April 20, 2007

The All-American Rejects

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While Daze road-tripped down to Hahvahd with our big bro, the Editor in Chief, All-American Rejects lead guitarist Nick Wheeler gave us a buzz.

Daze: What’s the rock scene like in Stillwater, Oklahoma where you guys come from?
Nick Wheeler: [Chuckles] There’s not really a scene, especially a rock scene. There’s a couple of bars. There’s the world famous Eskimo Joe’s, ever heard of it? [burst of laughter]
Daze: No, actually I have not—
N.W.: Because yeah, okay, there’s that and there’s a couple of bars on what we call the Strip. It’s like on campus, all the bars where everybody goes and drinks. Pretty much a bunch of cover bands, and if you don’t play covers, you’re not going to get a gig in Stillwater. So we played a few of those and mixed in some of our own songs until we weaned people off the covers and just played our own stuff. So we kinda had to work at it, but we were really the only original band in Stillwater that was playing those, on the Strip, I guess.
Daze: How did you guys get from Stillwater to MTV and the top 10 on the Billboard Charts?
N.W.: Um, that’s a long story, man.
Daze: [looking at the window at upstate New York nothingness] I’ve got time.
N.W.: I guess, we just played around for like an hour for like a hundred bucks or whatever, whatever they would give us to get to the next town. In our case it was Kansas City or Dallas or frickin’ Wichita, Kansas. We got a small little record deal with Doghouse Records, that gives us a little bit of money to make the album. We went to New York City where the producer lives, and made the first record. It got around and people liked it. Some record labels liked it, DreamWorks picked us up and put “Swing, Swing” on the radio and on MTV. We’ve been going up and up and up since then, I guess.
Daze: Out of all the bands that you’ve toured with, who has been your favorite, and why?
N.W.: Probably we’ve always liked touring with Motion City Soundtrack. Those guys took us out before we were anything, and we returned the favor. They’re doing great. They’re really good guys, they’re really easy to get along with and we dig their music, so I’m going to go with them.[img_assist|nid=23030|title=Nick Wheeler|desc=courtesy of wikipedia.org|link=node|align=left|width=89|height=100]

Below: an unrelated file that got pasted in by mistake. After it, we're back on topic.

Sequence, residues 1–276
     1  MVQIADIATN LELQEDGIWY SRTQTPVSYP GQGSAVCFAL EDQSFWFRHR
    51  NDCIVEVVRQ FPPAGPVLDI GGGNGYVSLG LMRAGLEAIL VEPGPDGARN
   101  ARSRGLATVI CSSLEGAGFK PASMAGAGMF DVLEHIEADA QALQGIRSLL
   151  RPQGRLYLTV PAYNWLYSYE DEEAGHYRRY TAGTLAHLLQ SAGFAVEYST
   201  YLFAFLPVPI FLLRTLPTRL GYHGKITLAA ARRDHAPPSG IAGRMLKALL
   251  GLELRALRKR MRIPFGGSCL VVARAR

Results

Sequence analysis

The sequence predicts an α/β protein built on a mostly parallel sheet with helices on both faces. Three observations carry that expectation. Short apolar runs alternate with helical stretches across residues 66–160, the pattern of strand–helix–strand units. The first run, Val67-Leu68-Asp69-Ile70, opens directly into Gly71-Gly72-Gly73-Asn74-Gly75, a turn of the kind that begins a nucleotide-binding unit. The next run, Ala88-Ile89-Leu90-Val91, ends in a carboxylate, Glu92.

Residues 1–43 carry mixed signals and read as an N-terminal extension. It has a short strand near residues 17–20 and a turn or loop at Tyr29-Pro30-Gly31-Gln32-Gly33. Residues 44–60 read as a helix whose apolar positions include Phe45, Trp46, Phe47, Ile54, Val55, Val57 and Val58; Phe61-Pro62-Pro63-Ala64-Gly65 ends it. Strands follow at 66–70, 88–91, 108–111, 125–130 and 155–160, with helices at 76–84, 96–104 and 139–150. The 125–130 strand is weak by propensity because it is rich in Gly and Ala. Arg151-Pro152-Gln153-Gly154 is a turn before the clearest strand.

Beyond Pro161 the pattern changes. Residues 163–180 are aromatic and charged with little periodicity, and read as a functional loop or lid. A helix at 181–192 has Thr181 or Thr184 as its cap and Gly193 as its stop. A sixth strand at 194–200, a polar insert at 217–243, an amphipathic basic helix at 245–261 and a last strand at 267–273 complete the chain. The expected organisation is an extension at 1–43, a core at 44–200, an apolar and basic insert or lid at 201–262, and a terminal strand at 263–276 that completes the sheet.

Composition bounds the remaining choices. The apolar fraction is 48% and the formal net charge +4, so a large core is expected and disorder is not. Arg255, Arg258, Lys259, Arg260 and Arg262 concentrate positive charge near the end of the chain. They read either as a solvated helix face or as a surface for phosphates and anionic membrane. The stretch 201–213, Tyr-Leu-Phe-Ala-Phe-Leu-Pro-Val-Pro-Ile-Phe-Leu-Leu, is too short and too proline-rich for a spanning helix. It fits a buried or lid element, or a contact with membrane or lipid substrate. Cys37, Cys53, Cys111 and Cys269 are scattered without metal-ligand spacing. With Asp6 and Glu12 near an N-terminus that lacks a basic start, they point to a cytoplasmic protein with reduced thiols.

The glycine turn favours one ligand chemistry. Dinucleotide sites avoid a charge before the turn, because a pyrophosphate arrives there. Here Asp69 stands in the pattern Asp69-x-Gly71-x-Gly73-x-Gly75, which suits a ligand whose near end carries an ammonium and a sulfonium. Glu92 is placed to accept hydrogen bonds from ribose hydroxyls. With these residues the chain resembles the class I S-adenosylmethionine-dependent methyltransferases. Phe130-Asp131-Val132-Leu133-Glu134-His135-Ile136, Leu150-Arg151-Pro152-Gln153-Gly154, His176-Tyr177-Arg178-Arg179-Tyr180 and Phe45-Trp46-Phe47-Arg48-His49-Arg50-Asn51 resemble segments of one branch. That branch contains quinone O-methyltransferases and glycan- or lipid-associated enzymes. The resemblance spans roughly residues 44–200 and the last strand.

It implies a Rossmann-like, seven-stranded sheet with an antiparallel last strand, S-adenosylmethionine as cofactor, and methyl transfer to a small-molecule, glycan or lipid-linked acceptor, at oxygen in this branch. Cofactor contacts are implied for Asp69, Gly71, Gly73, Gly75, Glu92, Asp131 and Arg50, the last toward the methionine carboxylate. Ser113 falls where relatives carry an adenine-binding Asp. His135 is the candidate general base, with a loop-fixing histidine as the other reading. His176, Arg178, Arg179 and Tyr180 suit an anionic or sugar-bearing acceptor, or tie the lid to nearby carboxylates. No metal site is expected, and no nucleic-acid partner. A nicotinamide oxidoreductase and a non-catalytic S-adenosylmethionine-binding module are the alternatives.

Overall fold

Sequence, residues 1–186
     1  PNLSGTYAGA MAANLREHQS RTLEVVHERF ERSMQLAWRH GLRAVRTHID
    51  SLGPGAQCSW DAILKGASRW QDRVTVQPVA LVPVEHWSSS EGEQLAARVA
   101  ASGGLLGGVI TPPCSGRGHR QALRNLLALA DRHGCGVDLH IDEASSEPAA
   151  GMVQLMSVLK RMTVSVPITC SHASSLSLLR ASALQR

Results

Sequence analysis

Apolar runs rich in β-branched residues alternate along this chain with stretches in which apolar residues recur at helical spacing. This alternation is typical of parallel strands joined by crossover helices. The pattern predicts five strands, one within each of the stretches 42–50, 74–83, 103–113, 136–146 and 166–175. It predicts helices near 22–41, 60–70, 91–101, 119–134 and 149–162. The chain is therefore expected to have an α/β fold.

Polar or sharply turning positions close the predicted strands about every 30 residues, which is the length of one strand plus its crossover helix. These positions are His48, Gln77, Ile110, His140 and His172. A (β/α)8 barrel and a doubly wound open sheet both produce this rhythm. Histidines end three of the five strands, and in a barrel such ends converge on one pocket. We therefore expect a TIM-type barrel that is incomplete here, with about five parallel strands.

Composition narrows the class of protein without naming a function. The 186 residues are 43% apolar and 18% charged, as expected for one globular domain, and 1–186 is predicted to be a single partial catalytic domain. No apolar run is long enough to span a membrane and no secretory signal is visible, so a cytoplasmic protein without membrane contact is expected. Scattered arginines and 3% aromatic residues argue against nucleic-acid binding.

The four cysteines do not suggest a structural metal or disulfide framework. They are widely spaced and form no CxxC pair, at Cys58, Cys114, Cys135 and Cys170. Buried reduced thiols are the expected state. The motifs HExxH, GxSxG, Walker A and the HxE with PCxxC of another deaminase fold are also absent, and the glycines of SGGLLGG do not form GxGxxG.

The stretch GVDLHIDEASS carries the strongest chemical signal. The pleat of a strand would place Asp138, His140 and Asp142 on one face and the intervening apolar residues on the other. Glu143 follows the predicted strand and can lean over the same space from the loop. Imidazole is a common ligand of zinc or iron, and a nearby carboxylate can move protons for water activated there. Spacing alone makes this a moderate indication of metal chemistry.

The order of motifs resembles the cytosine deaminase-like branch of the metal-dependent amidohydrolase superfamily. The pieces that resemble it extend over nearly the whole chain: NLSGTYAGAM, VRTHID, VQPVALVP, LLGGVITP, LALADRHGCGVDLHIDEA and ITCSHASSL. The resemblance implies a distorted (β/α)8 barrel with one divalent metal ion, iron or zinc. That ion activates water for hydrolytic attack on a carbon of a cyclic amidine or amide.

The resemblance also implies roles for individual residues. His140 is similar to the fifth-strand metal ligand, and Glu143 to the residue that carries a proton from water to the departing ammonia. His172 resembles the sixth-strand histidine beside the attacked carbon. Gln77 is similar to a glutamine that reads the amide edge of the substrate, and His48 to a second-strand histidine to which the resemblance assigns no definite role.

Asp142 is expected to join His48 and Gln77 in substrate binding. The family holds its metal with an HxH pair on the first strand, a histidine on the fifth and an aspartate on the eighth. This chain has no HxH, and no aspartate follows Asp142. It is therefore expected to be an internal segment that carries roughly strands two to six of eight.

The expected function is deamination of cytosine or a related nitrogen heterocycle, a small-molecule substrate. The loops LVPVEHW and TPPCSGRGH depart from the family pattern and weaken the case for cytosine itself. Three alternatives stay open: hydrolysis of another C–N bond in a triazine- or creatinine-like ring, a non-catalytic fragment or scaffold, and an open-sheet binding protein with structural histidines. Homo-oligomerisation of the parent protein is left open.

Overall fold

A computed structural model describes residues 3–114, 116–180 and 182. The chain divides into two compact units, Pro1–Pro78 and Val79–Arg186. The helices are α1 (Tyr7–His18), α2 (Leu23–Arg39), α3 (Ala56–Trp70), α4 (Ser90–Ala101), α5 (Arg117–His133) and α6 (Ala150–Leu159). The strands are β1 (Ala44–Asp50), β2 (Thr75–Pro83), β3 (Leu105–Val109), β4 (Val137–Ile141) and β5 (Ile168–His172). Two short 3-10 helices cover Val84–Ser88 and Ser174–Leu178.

Editor in Chief: What do you think of the state of American music nowadays, compared to the scene in London and Britain? What do you think of the general perception of American music versus British music? What do you prefer? And where do you see the direction of American music going?
N.W.: You know, I don’t know. I don’t really watch music right now. I kind of just stick to the rock that I grew up on, and I kinda just put my iPod on shuffle and see what happens ‘cause I got some really random shit on there. I just got my first car since high school, because I’ve been on the road and I haven’t needed one, but I got the radio playing in it, and I’ve been listening to that. There’s a couple cool bands. Normally I’ve been listening to the ’90s alternative station. [chuckles.]
Daze: Your first EP is called Same Girl, New Songs. Are you guys still getting a lot of inspiration from this same girl, or have there been new sources of inspiration for your music?
N.W.: [Chuckles] Some of the songs from the first record were homemade that we made maybe 500 copies and printed the inserts on my computer. There’s a couple songs on that, along with, I think, there’s a few songs on that that made our first album, and that first album was pretty much written about a girlfriend that Tyson had at the time. None of the songs are written about her anymore. It’s mainly with the first album, that relationship.
Daze: So what’s the inspiration for this new album?
N.W.: You mean Move Along or the one we’re working on now?
Daze: Both, actually.
N.W.: Okay, we’ve definitely experienced a whole lot more after touring, the first record, before that a lot more than some people will ever get to experience and there’s a lot to write about. We also want to write about shit that people can relate to. There’s a song that’s like ‘oh man, we’re really into life right now.’ Everybody’s got a real relationship crap in their life, whether it’s good or it’s bad, it’s always good for a song. Da-da-da, da-da-da. The lyrics are bullshit; it’s just relationships. [laughs.]
Daze: [Laughs] Okay, your video for “Dirty Little Secret” included submissions to the website and collective art project PostSecret. So, who came up with this idea? What were your favorite submissions to the website that you came across?